Feeding America's consumer appetite


  • Photo 1 of 3

    The bow of the container ship Rotterdam faces the high-rise towers in downtown Long Beach. The man-made ports at Long Beach and Los Angeles, just across the channel, account for 25 percent of diesel particulate emissions in the Los Angeles Basin, and more particulate-forming nitrogen oxide emissions than all six million cars in the region combined.

    - Margaret Koval

  • Photo 2 of 3

    Containers are unloaded from the Rotterdam to waiting trucks. The port recently banned older, dirtier diesel trucks from making pickups at the port. The combination of trucks, idling ships and trains creates a dangerous cloud of gas and particulate over the area.

    - Margaret Koval

  • Photo 3 of 3

    Like arteries supplying the lifeblood of the consumer economy, this map shows the general distribution of goods entering Long Beach/Los Angeles port, following the routes of train lines and highways to their ultimate destination.

    - U.S. Department of Transportation

TEXT OF STORY

KAI RYSSDAL: It starts right here -- the consumer economy -- on container ships like this one, the Rotterdam. Hundreds of ships just like it pull into American ports every day, each one crammed with enough consumer goods to fill thousands of tractor-trailers. The products inside are basically steroids for local economies all over the country.

 

Art Wong: Within about eight days or so, they'll be in the Midwest. So, many days after that, they'll end up on shelves of your department stores. And then the cycle begins all over again, and it goes on and on and on...

But how long can it keep going on? From American Public Media this is Marketplace. Friday, the 9th of November. I'm Kai Ryssdal. Great to have you with us, and welcome to Consumed -- a special series about the consumer economy here on Marketplace and half a dozen other American Public Media programs.

We've spent a year learning how the consumer economy affects us... How it touches more than just our wallets. We'll share our discoveries with you over the next nine days, as we explore how our economy, our culture -- even our selves -- are shaped by our insatiable appetite for stuff.

 

Shopper voice montage: I wanna get some jeans, a purple shirt... I need the iPhone like I need air... We wanted to be first in line to make sure we got what we wanted... If it doesn't last, it's OK -- it was only $6.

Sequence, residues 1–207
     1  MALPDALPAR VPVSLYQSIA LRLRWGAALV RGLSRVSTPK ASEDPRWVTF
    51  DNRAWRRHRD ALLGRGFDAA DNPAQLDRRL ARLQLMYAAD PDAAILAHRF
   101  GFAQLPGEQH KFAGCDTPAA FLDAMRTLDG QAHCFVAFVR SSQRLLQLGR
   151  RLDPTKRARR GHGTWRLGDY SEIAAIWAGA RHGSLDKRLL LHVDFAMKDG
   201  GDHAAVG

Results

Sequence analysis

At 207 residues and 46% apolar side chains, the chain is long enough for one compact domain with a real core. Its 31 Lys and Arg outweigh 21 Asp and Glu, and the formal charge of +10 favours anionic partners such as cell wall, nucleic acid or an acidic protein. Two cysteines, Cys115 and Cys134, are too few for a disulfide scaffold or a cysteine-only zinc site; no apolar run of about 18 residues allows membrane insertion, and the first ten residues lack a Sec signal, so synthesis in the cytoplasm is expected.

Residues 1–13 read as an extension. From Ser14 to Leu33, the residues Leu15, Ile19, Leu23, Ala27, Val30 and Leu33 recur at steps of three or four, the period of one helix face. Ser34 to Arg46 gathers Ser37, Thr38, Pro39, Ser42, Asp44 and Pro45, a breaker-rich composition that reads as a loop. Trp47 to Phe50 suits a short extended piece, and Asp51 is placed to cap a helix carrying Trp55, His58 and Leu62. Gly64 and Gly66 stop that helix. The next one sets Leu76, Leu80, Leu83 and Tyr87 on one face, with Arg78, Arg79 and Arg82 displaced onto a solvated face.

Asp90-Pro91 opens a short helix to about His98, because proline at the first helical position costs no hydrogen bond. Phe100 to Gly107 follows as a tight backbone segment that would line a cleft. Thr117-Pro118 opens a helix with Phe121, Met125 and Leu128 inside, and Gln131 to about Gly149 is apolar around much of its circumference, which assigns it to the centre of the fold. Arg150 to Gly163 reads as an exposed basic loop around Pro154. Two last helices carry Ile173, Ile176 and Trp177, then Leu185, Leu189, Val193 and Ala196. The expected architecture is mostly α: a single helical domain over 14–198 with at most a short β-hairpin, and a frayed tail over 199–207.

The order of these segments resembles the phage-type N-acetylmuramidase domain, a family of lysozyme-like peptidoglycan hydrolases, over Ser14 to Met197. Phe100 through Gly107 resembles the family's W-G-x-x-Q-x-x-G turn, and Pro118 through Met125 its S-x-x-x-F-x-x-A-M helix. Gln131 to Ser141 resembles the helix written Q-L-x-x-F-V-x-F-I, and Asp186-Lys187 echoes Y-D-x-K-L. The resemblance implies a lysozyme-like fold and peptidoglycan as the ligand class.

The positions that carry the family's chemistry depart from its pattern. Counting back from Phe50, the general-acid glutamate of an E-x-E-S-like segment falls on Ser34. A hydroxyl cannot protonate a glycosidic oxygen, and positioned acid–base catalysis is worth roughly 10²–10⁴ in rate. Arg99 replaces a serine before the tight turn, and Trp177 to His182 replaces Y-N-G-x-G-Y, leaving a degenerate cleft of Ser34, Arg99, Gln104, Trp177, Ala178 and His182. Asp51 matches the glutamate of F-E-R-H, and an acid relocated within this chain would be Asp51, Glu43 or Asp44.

RYSSDAL: The object of that frenzy -- 40 percent of all the imports Americans buy -- comes in on ships like the Rotterdam through the waters off Long Beach, California. It's part of the biggest port complex in the country. More than 10,000 acres of nothing but commerce. You could call it the mouth of the consumer economy -- an economy that has only been getting hungrier and hungrier.

Art Wong's with the port of Long Beach. Art, you started here, as I understand it, 20 years ago. What was this place like back then?

Wong: Some of the shipping terminals, like the one we're going intom were just opening at that time, and we thought they were huge. They're about the size of Disneyland here. Now the trade has grown so much that this is a relatively small facility. We've got plans now to essentially triple it in size.

RYSSDAL: Are there any sign of it slowing down any time soon?

Wong: Not at all. every projection we've had for how fast the port was going to grow has turned out to be too conservative. There's only so much room here, the roads are only so big, the railroads can only handle so much cargo. We're not sure how we're going to deal with this doubling, or tripling, or quadrupling of cargo in the coming years.

RYSSDAL: Is there a way to get some kind of handle on the value of this place? What happens here every day?

Wong: We've had a labor dispute here a few years ago when the cargo stopped moving through here and within a week, the president had to order everybody back to the bargaining table because shelves were starting to empty. Parts weren't getting to the factories. The economy was coming to a standstill and they were starting to lay off workers.

RYSSDAL: Do you ever wonder how long the American consumer can keep it up; can keep just going and going and going?

Wong: You know, we're being stretched, and I turn to my kids every so often and I ask them, how many more pairs of jeans do they need? How many more handbags can they buy? And how much room to they have in their closets? And they keep going, and they keep buying, and the port keeps seeing more and more cargo coming through here.

RYSSDAL: Art Wong at the Port of Long Beach... Thanks so much for your time, Art.

Wong: You're welcome.


Read more stories from the Consumed series:

About the author

Kai Ryssdal is the host and senior editor of Marketplace, public radio’s program on business and the economy.

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